Former Atlanta Mayor and U.S. Ambassador Andrew Young gave a seemingly odd but increasingly common reason last week as to why he's not running for Georgia's open Senate seat next year. "I was afraid I'd win," he said. "Winning would mean I would spend the next seven years of my life in Washington, and Washington is not always the center of action."

Young's decision isn't welcome news for Democrats -- it leaves the party without a front-runner to succeed conservative Democrat Zell Miller -- and it's yet another example of how leaders of both parties are having difficulty as they try to recruit Senate candidates next year.

The GOP has had a worse time with this task. Republicans have yet to field a strong candidate to vie for retiring freshman Peter Fitzgerald's seat in Illinois. Several Democrats who could have faced difficult elections next year -- such as Patty Murray in Washington and Blanche Lincoln in Arkansas -- are likely to win another term because the Republicans' top choices opted out.

Meanwhile, Democrats are seeking out candidates in North Carolina and South Carolina to succeed John Edwards and Ernest Hollings, respectively, but so far only a lackluster group has emerged. And Bob Graham may have dropped out of the presidential race yesterday, but he still has not announced whether he will seek a fourth Senate term from Florida. His indecisiveness is costing potential Democratic candidates valuable time in what is sure to be a competitive race should he opt not to run.

Washington has long been a source of complaint for politicians, even as they ask voters to send them here. But in the past, plenty have run for Congress anyway. So the reluctance of politicians like Young to step in when the party needs them most is troubling. Yes, spending six years in Washington may not sound like a dream job, especially if Democrats remain in the minority. But, with the margin of control between the parties so narrow, it's incumbent on party leaders to pressure promising candidates to run, and to lean on incumbents to stay in seats that could go to the other party if they retire.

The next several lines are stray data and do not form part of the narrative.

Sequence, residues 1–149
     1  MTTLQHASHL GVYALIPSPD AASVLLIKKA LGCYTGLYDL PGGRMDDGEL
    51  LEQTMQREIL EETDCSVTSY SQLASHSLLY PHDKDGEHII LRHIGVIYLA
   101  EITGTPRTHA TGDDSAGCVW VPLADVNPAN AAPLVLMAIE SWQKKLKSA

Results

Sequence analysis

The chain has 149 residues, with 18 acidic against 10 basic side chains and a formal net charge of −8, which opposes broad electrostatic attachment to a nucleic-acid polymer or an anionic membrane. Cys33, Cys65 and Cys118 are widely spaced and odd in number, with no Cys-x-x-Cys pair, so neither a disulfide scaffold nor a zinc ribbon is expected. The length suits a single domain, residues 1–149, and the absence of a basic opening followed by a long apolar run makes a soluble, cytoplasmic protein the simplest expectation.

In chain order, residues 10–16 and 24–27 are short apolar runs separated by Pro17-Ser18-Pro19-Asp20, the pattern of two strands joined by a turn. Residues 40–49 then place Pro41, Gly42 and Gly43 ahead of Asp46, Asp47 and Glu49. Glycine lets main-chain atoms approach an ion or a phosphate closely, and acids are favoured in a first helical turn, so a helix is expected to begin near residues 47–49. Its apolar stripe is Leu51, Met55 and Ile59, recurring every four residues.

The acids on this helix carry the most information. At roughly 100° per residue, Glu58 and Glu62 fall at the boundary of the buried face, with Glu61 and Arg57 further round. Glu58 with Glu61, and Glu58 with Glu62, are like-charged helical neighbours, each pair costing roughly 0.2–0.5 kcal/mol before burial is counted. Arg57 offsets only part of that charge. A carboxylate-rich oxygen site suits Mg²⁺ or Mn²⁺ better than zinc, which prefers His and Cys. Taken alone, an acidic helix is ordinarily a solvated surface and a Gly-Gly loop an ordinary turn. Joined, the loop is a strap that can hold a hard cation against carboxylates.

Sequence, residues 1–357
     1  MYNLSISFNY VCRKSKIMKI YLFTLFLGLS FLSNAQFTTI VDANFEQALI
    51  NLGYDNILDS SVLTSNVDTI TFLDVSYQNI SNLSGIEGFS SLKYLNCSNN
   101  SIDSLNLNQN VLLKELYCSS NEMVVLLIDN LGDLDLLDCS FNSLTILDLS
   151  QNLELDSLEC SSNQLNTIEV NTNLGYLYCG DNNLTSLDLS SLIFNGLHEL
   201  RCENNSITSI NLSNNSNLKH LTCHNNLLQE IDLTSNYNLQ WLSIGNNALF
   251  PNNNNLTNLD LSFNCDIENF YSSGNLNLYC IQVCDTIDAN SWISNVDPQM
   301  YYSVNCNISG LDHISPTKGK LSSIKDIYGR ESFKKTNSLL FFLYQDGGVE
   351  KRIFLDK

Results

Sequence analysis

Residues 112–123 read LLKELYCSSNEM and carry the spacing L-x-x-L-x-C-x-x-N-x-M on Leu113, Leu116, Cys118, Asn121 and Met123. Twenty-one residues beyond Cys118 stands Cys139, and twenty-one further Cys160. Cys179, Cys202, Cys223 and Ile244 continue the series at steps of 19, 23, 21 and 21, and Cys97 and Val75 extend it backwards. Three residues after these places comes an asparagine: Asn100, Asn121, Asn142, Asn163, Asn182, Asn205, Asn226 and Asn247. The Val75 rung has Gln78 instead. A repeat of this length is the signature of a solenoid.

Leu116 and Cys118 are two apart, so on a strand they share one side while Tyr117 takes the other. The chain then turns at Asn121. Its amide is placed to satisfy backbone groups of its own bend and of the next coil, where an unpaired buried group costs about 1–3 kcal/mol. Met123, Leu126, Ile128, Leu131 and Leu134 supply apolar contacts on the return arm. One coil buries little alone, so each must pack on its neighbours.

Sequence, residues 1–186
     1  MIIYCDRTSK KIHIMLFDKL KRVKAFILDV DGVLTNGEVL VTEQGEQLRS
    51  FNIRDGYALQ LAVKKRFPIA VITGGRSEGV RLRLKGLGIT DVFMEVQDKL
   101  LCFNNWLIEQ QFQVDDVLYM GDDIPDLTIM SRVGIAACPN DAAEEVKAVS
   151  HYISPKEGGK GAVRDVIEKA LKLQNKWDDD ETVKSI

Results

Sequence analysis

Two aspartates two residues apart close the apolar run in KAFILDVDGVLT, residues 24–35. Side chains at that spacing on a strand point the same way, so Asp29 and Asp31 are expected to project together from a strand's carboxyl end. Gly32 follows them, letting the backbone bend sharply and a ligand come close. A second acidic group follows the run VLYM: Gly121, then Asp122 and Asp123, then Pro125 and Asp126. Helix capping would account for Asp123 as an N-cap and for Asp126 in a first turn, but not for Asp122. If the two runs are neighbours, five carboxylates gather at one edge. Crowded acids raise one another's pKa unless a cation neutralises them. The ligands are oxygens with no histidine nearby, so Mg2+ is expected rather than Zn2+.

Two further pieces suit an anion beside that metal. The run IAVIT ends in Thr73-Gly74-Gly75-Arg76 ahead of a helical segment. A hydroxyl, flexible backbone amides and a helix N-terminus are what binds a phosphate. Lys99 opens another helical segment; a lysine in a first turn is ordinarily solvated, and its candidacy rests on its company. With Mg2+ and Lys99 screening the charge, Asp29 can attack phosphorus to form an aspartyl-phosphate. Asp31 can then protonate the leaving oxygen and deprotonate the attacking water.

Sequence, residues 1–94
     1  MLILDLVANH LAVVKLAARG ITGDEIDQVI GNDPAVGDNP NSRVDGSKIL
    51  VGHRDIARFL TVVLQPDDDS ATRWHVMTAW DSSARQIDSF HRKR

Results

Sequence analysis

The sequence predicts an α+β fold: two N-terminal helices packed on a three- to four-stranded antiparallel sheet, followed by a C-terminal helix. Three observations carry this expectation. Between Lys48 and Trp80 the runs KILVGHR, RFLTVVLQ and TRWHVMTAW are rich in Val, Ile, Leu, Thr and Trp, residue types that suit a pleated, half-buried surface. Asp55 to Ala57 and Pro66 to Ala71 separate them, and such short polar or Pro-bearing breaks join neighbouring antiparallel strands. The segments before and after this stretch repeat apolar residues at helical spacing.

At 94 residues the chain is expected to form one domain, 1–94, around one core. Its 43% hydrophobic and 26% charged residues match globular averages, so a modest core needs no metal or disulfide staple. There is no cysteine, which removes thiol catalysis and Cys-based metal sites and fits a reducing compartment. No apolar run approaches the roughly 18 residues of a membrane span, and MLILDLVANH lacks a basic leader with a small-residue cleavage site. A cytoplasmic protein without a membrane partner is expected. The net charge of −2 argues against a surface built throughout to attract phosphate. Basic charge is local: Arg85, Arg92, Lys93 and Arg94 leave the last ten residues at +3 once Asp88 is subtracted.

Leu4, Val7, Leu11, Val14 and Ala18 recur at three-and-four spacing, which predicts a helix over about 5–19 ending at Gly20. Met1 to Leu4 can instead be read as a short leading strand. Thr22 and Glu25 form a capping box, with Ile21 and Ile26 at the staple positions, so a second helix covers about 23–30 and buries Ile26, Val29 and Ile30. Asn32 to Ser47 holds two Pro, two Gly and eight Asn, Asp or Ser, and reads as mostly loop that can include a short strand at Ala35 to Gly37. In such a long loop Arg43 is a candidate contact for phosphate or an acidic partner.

Contrast the sentiments of Young and others with the attitude of a group of "Old Bull" Democrats profiled by David Broder in Monday's Washington Post. Their 21 seats would surely go to Republicans if they resigned. Many of these lawmakers are in their 60s and 70s; they could easily decide to leave Washington and spend more time with their families back home, or make a bundle as lobbyists in the private sector. And as members of the minority, which has next to no power in the House, there's little chance that their legislation can get a fair hearing.

But all are determined to stay in Congress because they enjoy serving their constituents, can't imagine doing anything else or simply want to do what the minority does best -- criticize the majority.

"I'm not frustrated at all," Rep. Martin Frost (D-Texas) told Broder. "I give the Republicans hell every day. Since the Republicans vote in lockstep, our role is to show the public their shortcomings. And who's to say we won't take the House back some day?"

Rep. David Obey (D-Wis.) said his anger at President Bush's attitude toward spending legislation last winter "enraged" him so much, he "could hardly see. It motivated me to stay around here another 10 years."

Of course, these House members remember what it was like to be in the majority and to actually have the power to convene hearings, run the congressional calendar and push through legislation. What's more, they're only asked to make two-year commitments in office, unlike senators, who have to sign up for six.

But in 2000, when Sen. Paul Coverdell (R-Ga.) died suddenly, Miller stepped in and won. Last year, Frank Lautenberg came out of retirement to keep Robert Torricelli's New Jersey seat safely in the Democratic column. If Democrats have any hope of taking back the Senate, party leaders need to do a better job of assuring candidates that their time in Washington -- whether they're representing the majority or minority party's views -- will be worthwhile. The Old Bull Democrats are good advertisements for that sentiment. After all, the last thing a candidate should be afraid of is winning.

Mary Lynn F. Jones is online editor of The Hill.